The Japanese company known mostly for its laptops is hoping to make inroads into the Android tablet market with its first attempt, called the Thrive. The Thrive is mostly what you'd expect: a 10.1-inch screen, the latest version of the Android operating system, Honeycomb 3.1, front-facing 2.1-megapixel camera and 5-megapixel rear-facing camera for photos and video conferencing, a gyroscope, rotation lock, and a 7- to 8-hour battery life (that's continuous hours of playing HD video). It weighs in at 1.6 pounds, and is a little on the thicker side at 0.6 inches.
The thickness was compromised for several features that Toshiba thinks customers will want: built-in HDMI out port, USB, mini USB, SD card slot. In other words, ports you'd find on many computers.
"There are two approaches you can take to a tablet," Jeff Barney, vice president and general manager of Toshiba's digital products division, said today. "One approach is as a smartphone with more functionality and a bigger screen. Or more from a laptop down to a tablet. We're laptop people, so we took that approach."
There's not a flip-out physical keyboard or mouse to buy as an accessory with the Thrive, but there are some features you won't find on the iPad, Apple's so-called post-PC device. Toshiba has included Log Me In software to allow users to access their home computer desktops via the Thrive, and a file manager built on top Android to browse files stored on a USB device or SD card connected to the tablet, and to see what media content you've downloaded, like movie, music, and book titles.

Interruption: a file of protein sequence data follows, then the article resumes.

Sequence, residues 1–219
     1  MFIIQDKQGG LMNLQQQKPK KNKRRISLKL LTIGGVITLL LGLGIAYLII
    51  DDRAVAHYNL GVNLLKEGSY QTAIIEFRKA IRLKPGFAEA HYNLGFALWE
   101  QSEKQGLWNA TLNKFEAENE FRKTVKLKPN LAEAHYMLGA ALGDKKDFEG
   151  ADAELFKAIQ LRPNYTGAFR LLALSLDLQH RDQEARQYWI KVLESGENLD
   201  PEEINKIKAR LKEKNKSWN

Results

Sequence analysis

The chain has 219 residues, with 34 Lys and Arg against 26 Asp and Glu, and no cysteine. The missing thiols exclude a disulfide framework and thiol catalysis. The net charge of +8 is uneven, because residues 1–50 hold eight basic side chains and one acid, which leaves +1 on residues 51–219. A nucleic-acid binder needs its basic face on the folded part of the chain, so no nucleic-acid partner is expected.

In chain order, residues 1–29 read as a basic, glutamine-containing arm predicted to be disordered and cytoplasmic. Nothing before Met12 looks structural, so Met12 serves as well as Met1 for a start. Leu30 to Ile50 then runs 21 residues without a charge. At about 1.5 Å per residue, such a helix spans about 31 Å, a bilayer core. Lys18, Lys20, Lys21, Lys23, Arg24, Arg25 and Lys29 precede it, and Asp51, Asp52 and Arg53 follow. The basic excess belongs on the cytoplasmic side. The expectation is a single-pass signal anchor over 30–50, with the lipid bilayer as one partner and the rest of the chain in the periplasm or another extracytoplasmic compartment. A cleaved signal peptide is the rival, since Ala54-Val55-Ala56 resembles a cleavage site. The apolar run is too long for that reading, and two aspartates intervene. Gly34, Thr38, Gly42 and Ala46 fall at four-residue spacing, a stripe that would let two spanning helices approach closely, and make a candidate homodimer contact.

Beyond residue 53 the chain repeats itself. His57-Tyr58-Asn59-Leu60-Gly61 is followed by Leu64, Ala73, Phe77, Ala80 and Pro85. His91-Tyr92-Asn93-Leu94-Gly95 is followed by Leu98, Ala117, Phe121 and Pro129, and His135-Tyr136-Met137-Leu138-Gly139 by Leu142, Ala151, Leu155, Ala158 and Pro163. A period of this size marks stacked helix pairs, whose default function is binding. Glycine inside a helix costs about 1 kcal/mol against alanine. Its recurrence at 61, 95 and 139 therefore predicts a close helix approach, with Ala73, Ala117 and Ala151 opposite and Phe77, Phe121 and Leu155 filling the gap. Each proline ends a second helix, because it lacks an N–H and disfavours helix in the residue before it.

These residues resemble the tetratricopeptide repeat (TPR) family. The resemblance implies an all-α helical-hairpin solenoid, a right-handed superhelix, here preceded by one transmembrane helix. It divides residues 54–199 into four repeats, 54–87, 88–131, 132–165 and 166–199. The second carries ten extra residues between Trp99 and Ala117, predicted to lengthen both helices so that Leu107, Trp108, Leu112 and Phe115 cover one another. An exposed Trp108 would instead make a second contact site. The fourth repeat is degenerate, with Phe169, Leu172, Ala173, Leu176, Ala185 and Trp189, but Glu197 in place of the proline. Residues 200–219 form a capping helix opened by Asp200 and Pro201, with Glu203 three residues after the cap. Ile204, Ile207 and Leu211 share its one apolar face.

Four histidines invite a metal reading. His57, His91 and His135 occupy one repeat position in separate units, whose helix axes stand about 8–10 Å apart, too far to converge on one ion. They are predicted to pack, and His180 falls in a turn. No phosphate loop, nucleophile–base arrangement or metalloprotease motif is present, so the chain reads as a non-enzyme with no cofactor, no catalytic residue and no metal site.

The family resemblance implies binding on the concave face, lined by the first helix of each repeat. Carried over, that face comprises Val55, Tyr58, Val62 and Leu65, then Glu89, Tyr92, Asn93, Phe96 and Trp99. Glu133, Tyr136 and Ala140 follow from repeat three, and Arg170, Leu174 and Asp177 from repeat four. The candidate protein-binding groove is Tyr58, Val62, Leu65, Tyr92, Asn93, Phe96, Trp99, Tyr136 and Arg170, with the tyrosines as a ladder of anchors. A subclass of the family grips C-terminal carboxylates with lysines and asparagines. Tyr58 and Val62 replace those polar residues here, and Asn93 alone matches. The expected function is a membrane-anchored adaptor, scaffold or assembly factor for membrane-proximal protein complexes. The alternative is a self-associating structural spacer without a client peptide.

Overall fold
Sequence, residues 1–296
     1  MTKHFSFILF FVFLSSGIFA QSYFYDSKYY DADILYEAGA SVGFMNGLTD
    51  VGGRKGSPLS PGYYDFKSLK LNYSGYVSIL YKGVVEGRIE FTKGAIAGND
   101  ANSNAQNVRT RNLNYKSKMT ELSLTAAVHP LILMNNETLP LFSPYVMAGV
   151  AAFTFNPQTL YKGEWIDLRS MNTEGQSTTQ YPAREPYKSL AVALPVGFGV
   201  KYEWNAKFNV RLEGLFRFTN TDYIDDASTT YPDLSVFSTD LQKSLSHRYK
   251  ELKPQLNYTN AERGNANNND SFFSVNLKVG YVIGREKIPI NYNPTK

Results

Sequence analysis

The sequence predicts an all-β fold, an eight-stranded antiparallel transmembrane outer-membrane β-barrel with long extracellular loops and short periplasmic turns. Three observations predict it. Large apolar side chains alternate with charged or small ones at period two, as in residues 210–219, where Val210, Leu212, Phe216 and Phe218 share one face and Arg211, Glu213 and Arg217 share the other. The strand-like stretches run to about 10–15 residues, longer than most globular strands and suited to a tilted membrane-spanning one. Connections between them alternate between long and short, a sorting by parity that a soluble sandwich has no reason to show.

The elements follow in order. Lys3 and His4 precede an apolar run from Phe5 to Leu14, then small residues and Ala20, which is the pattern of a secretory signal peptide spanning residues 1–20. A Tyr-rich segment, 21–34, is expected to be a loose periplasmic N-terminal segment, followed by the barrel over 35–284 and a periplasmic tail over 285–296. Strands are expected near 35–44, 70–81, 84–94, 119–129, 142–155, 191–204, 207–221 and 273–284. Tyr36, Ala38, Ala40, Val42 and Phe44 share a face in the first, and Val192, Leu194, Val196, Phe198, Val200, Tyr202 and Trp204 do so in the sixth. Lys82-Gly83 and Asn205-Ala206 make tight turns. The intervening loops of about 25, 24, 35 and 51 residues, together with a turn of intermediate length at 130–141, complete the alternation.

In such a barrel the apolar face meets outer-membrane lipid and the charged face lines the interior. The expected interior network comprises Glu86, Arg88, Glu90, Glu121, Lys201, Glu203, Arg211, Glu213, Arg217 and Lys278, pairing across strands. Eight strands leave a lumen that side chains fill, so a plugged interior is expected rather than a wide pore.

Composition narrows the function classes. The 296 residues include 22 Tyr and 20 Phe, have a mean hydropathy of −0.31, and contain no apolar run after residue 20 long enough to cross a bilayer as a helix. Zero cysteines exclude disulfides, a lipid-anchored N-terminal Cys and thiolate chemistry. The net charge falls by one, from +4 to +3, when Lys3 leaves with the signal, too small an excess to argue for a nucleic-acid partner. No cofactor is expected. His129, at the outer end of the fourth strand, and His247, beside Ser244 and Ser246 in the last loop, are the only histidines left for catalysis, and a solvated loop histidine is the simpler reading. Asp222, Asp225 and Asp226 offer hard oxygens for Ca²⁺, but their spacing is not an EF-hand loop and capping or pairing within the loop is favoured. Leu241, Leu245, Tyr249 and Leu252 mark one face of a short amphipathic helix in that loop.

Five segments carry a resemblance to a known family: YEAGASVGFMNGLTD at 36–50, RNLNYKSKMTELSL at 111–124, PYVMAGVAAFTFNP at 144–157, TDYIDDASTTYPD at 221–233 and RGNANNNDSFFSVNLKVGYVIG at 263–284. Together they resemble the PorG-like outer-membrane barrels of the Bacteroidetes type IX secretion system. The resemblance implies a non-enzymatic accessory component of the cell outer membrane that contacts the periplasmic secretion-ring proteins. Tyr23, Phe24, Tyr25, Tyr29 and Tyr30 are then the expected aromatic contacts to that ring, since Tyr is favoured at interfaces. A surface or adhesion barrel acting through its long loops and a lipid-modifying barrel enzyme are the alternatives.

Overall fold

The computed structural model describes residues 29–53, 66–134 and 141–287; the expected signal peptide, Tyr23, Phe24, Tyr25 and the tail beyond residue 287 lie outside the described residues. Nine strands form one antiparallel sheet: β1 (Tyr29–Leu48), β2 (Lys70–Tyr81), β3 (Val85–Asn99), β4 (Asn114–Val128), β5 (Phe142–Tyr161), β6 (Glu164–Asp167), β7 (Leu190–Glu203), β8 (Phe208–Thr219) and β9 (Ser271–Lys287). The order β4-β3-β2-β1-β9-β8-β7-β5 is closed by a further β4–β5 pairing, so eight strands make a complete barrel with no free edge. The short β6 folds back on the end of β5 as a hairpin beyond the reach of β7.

There's a removable back plate that can be swapped out for a different color for $20 each (green, orange, purple, blue, pink, silver, or plain old black), which also means the battery is removable, something else Toshiba is banking on to draw attention to the Thrive.
Also included is PrintShare software that allows documents to be printed directly from the tablet, similar to the iPad's AirPrint and Samsung's MobilePrint.
The Thrive will come in three sizes: 8GB, 16GB, and 32GB. All are Wi-Fi only, and will be priced at $429, $479, and $579, respectively. Pre-orders will begin June 13, and it will be in stores by July 10.
Toshiba is hoping that brand-name recognition and getting a plug from its most important retail partner Best Buy will also steer tablet-seekers toward the Thrive.
"People want brands they're used to with computing," said Barney. "So Tier 1 computing guys, HP, Dell, us, will have a head start."
So is Toshiba worried that making a tablet with some laptop functionality will take away sales from its laptop business? Not so much. Toshiba will take the sales no matter where they come from, said Barney.
"People will probably touch their laptops less," but they're not going to stop buying laptops altogether," he said. "But the replacement cycle (to purchase another laptop) may be longer."